A Feast of Reconciliation
Twenty-Eighth Sunday of the Year. Fr Allan White discusses the terms on which we participate in the Eucharistic banquet.
Jesus was not averse to parties. His opponents criticised him as a ‘good time guy’, a glutton and a wine drinker. They did not like the company he dined in: sinners and outcasts. He did not always wait to be invited either. He asked himself to the house of Zacchaeus, the chief tax-collector in Jericho. The presence of Jesus at one of these dinners was a reconciling presence. Jesus said ‘salvation has come to this house’ when he went in to dine with the sinner Zacchaeus. It is no surprise then that some of the stories Jesus tells should be about eating, drinking, celebrating and banquets.
Today’s story is not just about a wedding banquet but about a royal wedding banquet. At the recent marriage of the Duke and Duchess of Cambridge, the newspapers were desperate to discover the invitation list. Clearly they were highly-prized and to receive one was a mark of distinction. The same does not appear to be true of this wedding. Those invited would not come even when told the menu. The guests did not make polite excuses they went out of their way to show that they had more important things to do. They insulted the king and his family and went further by killing his messengers, abusing the law of hospitality themselves. Not surprisingly the king was a little upset at this. But why?
Royal marriages often sealed political and diplomatic alliances. They were instruments of foreign policy helping to bring peace and reconciliation between those who had been enemies before. This marriage should be seen in the same way. It is given by the king for his son. The son is not otherwise important. The king seems to have issued the invitation three times. He has invited the guests, sent his servants to tell them all is prepared and then sent them out again with a list of the delicacies they will enjoy. The king has been patient and gracious. He invites his guests to share in this process of peace and reconciliation. They refuse. They do no wish to share in it and therefore oppose it.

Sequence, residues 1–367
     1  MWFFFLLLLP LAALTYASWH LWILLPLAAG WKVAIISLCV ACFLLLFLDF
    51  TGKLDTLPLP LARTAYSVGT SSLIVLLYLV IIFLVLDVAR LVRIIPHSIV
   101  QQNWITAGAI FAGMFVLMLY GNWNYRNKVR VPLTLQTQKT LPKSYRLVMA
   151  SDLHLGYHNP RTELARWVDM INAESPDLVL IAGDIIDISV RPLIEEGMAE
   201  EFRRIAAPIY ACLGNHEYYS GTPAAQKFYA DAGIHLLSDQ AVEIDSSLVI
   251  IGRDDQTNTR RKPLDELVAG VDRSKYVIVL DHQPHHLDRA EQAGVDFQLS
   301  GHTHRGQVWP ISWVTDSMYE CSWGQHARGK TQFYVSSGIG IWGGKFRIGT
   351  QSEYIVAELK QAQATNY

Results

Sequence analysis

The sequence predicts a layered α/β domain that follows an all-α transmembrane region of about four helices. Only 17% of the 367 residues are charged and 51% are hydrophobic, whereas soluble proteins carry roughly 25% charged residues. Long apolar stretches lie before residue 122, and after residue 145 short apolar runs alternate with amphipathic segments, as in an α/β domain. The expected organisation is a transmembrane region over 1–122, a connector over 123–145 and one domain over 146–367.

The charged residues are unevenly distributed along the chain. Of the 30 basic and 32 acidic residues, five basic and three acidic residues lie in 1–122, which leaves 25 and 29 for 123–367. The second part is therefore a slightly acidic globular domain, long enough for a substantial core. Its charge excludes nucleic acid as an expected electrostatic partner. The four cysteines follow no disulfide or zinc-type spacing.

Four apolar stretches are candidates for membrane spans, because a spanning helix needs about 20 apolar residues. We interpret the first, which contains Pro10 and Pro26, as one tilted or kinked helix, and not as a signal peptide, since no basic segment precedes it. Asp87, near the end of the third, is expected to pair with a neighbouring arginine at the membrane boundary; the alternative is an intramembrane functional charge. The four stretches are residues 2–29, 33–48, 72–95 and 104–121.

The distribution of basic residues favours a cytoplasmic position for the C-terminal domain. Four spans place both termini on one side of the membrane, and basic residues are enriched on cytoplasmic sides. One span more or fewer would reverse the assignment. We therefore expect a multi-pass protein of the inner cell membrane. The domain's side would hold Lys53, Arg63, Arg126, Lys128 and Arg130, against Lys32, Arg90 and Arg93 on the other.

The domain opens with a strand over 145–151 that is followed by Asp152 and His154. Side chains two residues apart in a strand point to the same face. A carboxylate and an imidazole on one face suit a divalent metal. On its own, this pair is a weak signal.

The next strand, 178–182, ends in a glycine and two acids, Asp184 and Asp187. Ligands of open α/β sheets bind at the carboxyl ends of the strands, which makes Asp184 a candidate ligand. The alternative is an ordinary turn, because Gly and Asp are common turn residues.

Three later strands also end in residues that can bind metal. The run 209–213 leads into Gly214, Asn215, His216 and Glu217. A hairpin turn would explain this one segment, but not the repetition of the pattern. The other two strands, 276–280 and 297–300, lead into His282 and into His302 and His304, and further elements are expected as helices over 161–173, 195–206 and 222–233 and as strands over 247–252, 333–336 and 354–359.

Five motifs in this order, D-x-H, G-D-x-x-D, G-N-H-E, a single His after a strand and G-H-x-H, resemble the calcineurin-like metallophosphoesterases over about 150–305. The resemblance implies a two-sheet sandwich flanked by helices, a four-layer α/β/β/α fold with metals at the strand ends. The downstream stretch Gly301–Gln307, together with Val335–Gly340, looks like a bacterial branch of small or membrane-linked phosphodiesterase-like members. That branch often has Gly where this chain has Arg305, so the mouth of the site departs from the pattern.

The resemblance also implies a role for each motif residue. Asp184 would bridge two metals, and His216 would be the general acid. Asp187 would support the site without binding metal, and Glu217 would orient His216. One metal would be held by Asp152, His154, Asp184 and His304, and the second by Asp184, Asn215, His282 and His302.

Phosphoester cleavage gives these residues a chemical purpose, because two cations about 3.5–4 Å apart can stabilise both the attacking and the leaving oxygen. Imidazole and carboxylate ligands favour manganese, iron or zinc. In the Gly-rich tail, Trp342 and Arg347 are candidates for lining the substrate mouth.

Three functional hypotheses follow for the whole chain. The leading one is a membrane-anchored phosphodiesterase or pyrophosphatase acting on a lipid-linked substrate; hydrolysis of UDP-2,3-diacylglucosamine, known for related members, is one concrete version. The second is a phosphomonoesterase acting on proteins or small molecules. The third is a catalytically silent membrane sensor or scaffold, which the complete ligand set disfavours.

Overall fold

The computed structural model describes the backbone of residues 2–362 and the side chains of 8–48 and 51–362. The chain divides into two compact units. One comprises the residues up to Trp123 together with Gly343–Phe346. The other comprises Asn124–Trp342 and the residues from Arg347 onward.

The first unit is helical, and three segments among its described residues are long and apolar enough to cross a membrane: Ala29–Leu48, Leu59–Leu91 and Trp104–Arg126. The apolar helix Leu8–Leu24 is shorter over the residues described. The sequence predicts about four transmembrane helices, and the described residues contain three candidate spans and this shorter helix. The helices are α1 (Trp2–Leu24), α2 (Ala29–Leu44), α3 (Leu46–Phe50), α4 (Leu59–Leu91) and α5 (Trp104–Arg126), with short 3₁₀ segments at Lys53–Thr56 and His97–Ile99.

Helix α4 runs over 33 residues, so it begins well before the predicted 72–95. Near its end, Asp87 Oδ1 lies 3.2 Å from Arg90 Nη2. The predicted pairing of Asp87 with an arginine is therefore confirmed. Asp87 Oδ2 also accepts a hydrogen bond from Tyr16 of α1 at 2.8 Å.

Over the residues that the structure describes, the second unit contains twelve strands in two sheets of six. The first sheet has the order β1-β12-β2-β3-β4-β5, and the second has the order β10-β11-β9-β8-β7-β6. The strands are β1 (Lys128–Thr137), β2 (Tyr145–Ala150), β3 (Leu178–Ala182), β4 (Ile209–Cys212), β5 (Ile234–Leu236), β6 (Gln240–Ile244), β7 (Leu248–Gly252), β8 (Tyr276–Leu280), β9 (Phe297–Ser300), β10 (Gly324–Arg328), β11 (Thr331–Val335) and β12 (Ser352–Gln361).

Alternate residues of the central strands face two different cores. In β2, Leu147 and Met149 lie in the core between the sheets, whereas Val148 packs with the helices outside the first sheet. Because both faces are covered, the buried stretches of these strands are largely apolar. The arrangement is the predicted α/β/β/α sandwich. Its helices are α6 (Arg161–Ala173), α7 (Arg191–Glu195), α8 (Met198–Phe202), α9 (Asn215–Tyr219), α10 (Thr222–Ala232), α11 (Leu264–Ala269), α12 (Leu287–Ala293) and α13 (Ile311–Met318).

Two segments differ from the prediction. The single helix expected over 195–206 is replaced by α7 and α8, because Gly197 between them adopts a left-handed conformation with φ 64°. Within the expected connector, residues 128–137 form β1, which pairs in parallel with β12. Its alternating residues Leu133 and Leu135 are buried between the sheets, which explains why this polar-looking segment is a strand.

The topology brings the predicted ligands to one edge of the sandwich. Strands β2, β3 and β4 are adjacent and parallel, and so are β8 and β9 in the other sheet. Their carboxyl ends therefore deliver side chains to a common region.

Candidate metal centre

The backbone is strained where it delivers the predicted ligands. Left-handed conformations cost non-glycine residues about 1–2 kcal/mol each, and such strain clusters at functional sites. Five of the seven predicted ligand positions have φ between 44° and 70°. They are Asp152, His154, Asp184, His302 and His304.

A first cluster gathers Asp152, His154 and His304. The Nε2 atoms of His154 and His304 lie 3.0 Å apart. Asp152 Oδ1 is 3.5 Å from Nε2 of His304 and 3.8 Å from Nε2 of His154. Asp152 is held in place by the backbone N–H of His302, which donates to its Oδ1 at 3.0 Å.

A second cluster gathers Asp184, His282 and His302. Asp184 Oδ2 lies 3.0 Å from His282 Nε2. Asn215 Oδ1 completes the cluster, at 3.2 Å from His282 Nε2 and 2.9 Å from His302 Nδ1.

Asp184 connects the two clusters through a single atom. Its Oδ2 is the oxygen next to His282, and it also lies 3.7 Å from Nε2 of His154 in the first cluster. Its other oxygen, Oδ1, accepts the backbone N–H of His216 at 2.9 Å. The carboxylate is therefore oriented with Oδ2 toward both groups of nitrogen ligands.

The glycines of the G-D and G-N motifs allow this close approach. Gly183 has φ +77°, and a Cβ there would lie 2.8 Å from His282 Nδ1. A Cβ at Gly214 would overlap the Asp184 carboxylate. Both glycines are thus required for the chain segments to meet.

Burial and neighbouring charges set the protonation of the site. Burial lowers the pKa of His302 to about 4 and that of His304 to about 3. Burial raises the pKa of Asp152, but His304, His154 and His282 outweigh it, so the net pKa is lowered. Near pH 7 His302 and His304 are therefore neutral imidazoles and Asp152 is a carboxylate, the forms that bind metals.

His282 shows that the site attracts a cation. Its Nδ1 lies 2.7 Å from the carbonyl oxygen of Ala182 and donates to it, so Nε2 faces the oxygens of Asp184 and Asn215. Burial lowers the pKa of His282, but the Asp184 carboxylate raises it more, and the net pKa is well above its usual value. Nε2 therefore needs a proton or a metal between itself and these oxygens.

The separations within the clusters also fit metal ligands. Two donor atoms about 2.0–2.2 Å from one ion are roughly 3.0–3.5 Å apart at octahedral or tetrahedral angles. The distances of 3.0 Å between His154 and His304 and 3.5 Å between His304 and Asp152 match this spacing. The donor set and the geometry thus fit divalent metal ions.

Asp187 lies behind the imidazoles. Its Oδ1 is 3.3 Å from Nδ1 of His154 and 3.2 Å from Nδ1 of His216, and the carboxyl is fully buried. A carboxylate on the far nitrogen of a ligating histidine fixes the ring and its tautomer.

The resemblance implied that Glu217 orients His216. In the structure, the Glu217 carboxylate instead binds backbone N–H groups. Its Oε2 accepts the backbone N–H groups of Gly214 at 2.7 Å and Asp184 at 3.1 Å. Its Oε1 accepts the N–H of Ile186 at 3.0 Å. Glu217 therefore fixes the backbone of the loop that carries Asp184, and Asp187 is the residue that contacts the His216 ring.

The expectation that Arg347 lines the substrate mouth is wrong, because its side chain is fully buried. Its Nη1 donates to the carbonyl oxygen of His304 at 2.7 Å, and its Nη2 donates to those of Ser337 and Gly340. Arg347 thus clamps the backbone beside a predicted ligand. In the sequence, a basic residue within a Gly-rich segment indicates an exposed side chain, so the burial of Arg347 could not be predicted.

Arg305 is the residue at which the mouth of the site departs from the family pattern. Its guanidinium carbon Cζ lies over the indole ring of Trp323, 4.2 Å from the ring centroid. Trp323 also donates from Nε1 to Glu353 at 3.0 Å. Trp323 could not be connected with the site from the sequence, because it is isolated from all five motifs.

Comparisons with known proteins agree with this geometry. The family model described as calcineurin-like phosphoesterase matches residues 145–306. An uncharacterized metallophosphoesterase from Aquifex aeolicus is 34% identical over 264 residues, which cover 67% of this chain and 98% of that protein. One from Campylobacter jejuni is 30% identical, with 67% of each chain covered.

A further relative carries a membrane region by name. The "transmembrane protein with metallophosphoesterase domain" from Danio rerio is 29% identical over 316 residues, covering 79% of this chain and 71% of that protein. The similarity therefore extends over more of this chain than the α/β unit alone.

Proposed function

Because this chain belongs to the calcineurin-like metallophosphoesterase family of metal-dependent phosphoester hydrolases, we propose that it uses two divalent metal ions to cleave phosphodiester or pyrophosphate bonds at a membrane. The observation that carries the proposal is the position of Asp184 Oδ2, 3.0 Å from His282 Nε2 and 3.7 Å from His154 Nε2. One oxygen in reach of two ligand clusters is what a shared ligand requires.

The king then sent out more messengers and invited all of those who were willing to come. The messengers do not mention the menu again so maybe those accepted who were sensible of the honour of being invited. They also seem to have understood the purpose of the feast. They all put on their wedding garment; all except one man. Immediately on entering the banquet king’s eye fell upon him. Calling him ‘friend’ he asked him why he was there. It is the same question Jesus asks Judas when they come to arrest him on the night of the agony: ‘Friend, why are you here?’ Two banquets are brought together, the banquet of the Last Supper, the passover of the Lord which brings reconciliation between humanity and God, and the banquet of the king who was also offering a banquet to promote peace and reconciliation.
Many interpretations of this parable can be offered. Some see it as a proclamation that the Gentiles will be included in the new covenant of reconciliation. Others see this story as a warning to the Church and those who think that they are numbered amongst the elect whilst failing to change their lives from the root outwards.
The marriage supper of the Lamb is a feast of reconciliation; those who share in it must also share in that project of peace and reconciliation. The silent guest, the one who has not bothered to change, the one who is concentrating on receiving, has forgotten that this feast is not just about eating or benefiting from hospitality. Sharing in this banquet is about becoming part of the grand work of reconciliation that the heavenly bridegroom inaugurates on the cross and which will be consummated in the heavenly banquet of which our Eucharist is a sign and anticipation.